Holy See: Social and Environmental Justice are Interconnected

The Holy See’s Apostolic Nuncio and Permanent Observer to the UN Archbishop Bernardito Auza:

Our concern to take greater care for nature should also arouse in us an empathy with those left behind, those who are affected by environmental degradation, and those who are excluded from economic and political processes….

We are not faced with two separate crises, one environmental and the other social, but rather one complex crisis that is both social and environmental. Thus, “strategies for a solution demand an integrated approach to combating poverty, restoring dignity to the excluded and protecting nature”. [4] The same principle of interconnectedness binds together the three biggest United Nations processes in 2015, namely, the Addis Ababa Action Agenda on financing for development, the 2030 Agenda for Sustainable Development, and the Paris Agreement on Climate Change. There are not three separate challenges of financing development needs, agreeing on new development goals and tackling climate change, but one overarching challenge of how to orient our politics, economies, technology, businesses and personal behavior — indeed, all our efforts — toward a sustainable, integral and authentic development in harmony with nature….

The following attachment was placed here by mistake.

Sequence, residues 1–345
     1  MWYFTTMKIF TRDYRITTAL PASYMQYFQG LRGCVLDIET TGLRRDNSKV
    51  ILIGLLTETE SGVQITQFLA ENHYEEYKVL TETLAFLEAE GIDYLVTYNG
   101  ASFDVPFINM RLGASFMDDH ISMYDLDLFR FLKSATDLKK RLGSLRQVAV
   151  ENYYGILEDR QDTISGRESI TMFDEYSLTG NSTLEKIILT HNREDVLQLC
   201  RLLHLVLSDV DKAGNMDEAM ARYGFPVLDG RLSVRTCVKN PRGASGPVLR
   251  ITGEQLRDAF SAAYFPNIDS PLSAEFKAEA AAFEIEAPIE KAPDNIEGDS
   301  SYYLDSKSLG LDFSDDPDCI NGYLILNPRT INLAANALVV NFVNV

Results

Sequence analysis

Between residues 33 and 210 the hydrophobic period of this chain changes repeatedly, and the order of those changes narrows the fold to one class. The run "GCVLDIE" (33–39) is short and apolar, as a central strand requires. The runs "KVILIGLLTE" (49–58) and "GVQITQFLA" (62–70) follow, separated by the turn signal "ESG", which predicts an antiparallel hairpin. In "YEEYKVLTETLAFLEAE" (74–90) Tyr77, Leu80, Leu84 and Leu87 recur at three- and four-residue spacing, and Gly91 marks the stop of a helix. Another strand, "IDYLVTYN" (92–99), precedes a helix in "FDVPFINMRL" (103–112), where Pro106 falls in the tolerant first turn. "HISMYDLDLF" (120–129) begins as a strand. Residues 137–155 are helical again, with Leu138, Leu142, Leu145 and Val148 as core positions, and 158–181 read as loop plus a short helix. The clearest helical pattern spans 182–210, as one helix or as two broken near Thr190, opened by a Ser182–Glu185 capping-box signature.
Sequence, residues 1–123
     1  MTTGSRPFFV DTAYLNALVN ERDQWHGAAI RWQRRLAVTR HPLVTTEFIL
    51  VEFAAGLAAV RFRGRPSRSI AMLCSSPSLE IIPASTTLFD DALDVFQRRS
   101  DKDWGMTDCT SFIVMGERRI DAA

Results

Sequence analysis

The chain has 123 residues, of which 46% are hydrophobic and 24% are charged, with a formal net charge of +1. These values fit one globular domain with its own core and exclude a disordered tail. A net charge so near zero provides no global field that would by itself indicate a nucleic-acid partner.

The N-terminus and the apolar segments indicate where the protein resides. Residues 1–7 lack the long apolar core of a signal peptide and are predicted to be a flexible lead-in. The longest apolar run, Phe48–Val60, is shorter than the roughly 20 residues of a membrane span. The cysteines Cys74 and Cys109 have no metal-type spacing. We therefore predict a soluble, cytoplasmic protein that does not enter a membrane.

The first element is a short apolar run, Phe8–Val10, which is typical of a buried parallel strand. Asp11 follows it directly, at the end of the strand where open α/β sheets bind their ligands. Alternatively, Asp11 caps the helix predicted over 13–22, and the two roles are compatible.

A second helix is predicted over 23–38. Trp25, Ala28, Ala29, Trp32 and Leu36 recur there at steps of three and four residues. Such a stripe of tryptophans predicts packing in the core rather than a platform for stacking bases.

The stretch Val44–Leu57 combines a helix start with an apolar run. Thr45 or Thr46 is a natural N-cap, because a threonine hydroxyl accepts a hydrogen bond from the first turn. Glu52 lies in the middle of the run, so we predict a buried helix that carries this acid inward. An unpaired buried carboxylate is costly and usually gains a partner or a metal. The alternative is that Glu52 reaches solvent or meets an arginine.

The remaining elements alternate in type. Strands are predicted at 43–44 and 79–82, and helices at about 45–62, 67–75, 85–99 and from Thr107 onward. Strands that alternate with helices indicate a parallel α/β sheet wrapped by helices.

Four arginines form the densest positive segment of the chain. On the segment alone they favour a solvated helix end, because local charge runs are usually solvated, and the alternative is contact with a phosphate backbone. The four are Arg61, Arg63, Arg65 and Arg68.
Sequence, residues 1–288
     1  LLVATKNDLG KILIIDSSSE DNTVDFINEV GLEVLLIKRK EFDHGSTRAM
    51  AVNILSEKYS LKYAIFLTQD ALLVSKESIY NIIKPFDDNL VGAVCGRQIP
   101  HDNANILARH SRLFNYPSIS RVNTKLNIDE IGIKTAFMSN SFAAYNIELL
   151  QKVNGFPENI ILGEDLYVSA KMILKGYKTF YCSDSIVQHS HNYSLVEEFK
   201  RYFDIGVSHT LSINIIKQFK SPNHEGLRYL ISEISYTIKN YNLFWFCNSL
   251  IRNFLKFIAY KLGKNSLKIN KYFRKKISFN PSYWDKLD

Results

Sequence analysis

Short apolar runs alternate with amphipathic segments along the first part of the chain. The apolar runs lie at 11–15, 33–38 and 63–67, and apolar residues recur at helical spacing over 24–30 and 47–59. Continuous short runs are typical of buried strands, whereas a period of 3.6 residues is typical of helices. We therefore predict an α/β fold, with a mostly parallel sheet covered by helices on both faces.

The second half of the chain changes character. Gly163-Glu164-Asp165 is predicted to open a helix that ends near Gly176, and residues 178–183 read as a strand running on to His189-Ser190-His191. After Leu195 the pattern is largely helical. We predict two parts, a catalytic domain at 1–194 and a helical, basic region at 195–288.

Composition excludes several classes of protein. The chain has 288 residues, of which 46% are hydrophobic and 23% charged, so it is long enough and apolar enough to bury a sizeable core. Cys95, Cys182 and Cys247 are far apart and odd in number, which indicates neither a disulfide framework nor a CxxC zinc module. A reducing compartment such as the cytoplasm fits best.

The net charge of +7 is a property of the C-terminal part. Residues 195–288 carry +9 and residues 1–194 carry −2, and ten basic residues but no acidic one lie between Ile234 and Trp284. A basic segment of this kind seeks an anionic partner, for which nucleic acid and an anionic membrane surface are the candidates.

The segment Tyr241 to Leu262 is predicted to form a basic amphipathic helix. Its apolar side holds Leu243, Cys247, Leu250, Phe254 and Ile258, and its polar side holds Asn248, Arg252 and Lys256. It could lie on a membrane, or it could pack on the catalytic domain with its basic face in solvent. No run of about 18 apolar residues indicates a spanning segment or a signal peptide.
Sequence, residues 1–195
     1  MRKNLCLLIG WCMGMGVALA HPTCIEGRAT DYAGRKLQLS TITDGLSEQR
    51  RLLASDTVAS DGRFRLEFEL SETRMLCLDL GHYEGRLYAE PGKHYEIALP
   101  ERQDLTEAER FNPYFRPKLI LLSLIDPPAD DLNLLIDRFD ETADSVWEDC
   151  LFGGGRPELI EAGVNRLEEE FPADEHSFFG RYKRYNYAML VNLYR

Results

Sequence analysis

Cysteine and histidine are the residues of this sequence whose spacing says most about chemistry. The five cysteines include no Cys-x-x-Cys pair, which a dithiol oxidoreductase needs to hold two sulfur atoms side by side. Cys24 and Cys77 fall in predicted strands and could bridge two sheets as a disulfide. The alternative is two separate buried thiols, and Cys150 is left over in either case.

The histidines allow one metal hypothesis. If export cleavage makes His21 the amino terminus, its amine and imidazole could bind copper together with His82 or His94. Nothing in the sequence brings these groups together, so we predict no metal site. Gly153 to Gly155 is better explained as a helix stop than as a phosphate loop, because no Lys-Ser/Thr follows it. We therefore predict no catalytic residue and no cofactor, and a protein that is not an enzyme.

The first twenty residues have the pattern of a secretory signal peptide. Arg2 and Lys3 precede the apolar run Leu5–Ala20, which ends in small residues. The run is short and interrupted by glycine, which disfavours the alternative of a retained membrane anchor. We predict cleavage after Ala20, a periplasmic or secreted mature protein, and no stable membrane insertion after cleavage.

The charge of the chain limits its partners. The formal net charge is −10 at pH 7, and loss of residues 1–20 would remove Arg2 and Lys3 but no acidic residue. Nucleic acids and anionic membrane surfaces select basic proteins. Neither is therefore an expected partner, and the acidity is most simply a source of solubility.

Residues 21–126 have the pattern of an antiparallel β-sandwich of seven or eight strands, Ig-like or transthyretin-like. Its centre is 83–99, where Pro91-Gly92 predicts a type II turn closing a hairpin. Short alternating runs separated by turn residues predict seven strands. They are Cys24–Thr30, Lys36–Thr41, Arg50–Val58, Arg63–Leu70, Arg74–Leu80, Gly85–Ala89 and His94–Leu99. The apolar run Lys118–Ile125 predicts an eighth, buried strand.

Mr. President, My Delegation welcomes the way in which both the 2030 Agenda and the Paris Agreement acknowledge the central importance of the human person. The 2030 Agenda rightly begins by noting that “the dignity of the human person is fundamental.” In the same vein, Pope Francis has urged that all environmental and development initiatives focus on the innate dignity that we all share in equal measure. This dignity must remain at the center of our debates. In particular, those who are weak and marginalized, those who are poor and ill, the unborn and the elderly alike, the refugees and victims of war and violence, and those disproportionately impacted by greed and indifference must have a special place in the initiatives we pursue. Their sufferings and anxieties, their fears and hopes should not fail to raise an echo in our hearts. The 2030 Agenda’s “determin[ation] to end poverty and hunger… and to ensure that all human beings live in dignity and equality and in a healthy environment”[6] should lie at the heart of our efforts….

We cannot speak of sustainable development apart from intergenerational solidarity. My Delegation urges generosity, solidarity and selflessness as we implement both the 2030 Agenda and the Paris Agreement, in order not to leave future generations pay the extremely high price of environmental deterioration.